The R/GA leadership talked about this at their seminar at Cannes this year, as did we. First, seek out diverse talent. Demographics are changing just as quickly as marketing technology, and we can't keep hiring from the same pool and expect to be successful. We think this is a real differentiator for IPG.

Second, our focus is on helping solve a client's business challenges - not just their branding or media ones. That's what will make us a higher-value partner - and, ultimately, get paid more fairly for our work. It's what HUGE talks about in their new book, Users, Not Customers, and why the work they do for Pepsi on the Refresh project has been so noteworthy.

Next, we're making technology available quickly and cheaply to all IPG offices. We're putting video conferencing and the latest communications tools in place that can help teams work together across regions and disciplines. Again, we think our ability to deliver integrated solutions for clients is a differentiator for IPG, and leveraging technology is crucial to the equation.

And finally, don't rest on your laurels. Whether it's an agency like R/GA, which has been named the digital agency of the decade, or the emerging media thinkers at a major, global network or one of our media agencies, all of us need to embrace change.

New challenges require new talent. What kinds of people are you recruiting? Where are you finding them?

It's absolutely key to bring people with unusual or unexpected backgrounds into our world. We're working with ad schools to find kids with diverse ways of thinking and training as integrated, marketing practitioners. In our Associates Program, we onboard, mentor and track junior-level people of color, each one across multiple IPG agencies. This is a best-in-class program that is paying dividends. Increasingly, I believe we'll be focused on bringing talent from media, banking and other fields into our increasingly complex world, which will only make us a more exciting place to build a career.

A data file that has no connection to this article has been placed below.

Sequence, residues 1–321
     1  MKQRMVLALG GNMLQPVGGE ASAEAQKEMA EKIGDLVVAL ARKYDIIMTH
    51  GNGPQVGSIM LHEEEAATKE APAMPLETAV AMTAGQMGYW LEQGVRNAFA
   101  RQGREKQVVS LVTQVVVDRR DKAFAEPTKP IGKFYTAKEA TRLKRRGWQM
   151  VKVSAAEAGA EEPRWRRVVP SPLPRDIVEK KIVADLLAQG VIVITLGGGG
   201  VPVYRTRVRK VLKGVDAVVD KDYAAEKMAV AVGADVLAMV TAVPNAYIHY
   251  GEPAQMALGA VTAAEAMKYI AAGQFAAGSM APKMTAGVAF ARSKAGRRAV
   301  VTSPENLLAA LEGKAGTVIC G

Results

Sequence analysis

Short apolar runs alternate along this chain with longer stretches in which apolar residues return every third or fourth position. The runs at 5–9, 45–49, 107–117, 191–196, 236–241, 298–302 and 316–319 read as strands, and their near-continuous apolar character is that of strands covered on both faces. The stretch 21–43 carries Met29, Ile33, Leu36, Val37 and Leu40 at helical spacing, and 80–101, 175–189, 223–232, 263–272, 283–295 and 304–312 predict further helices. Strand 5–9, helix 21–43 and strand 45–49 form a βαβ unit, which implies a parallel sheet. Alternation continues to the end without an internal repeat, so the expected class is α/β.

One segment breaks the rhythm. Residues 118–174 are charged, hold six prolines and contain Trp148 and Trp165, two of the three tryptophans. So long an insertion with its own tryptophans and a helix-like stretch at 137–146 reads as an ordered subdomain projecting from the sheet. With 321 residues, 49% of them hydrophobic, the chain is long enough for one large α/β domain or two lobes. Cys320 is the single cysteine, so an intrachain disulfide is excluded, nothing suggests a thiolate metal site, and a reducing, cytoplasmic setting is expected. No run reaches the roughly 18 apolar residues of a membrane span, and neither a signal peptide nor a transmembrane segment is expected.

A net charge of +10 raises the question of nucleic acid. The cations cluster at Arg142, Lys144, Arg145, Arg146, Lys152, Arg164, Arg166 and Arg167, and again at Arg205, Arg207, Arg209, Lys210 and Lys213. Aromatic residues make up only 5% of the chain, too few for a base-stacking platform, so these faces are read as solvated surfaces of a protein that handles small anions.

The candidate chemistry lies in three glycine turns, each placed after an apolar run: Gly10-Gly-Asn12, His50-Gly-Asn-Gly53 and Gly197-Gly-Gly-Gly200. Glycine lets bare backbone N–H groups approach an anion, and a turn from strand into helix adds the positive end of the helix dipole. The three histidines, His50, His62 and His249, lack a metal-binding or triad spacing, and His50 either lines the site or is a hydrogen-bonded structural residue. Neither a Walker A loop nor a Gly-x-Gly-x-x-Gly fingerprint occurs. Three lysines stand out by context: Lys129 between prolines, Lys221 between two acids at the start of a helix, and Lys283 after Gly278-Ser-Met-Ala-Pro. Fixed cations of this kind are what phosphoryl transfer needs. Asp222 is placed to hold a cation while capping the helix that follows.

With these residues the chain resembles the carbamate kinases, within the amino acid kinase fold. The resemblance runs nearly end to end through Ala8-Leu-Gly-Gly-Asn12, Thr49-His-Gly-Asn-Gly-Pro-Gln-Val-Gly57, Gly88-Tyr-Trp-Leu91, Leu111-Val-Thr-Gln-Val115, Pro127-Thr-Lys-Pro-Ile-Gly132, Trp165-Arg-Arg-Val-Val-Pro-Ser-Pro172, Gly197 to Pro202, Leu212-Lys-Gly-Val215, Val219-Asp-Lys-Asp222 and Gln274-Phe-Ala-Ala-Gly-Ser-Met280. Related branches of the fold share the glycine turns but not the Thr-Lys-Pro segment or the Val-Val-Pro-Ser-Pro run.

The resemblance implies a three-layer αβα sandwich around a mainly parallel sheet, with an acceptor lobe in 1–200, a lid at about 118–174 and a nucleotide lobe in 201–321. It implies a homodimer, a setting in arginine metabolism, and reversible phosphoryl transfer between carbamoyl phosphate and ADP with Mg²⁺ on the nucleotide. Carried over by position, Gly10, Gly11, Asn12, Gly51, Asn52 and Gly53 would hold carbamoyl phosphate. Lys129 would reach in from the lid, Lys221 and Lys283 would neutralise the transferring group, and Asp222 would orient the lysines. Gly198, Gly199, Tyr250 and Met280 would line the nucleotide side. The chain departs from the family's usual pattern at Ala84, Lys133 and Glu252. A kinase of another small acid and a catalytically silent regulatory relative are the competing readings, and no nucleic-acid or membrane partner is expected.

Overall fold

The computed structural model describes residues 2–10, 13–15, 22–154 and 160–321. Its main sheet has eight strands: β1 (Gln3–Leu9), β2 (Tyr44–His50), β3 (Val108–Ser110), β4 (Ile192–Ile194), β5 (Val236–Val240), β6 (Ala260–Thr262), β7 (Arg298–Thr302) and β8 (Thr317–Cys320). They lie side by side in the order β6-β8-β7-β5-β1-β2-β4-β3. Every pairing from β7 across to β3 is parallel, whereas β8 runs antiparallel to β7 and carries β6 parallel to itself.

Sir Martin Sorrell, Chief Executive Officer, WPP Group

You've very purposefully broadened your business - you could argue that today WPP is a research, transactions and marketing-services business on top of the core creativity and execution. What have been the challenges as you transformed the organization?

Nobody likes change, including me. It disrupts your equilibrium, and brings uncertainty and unpredictable outcomes.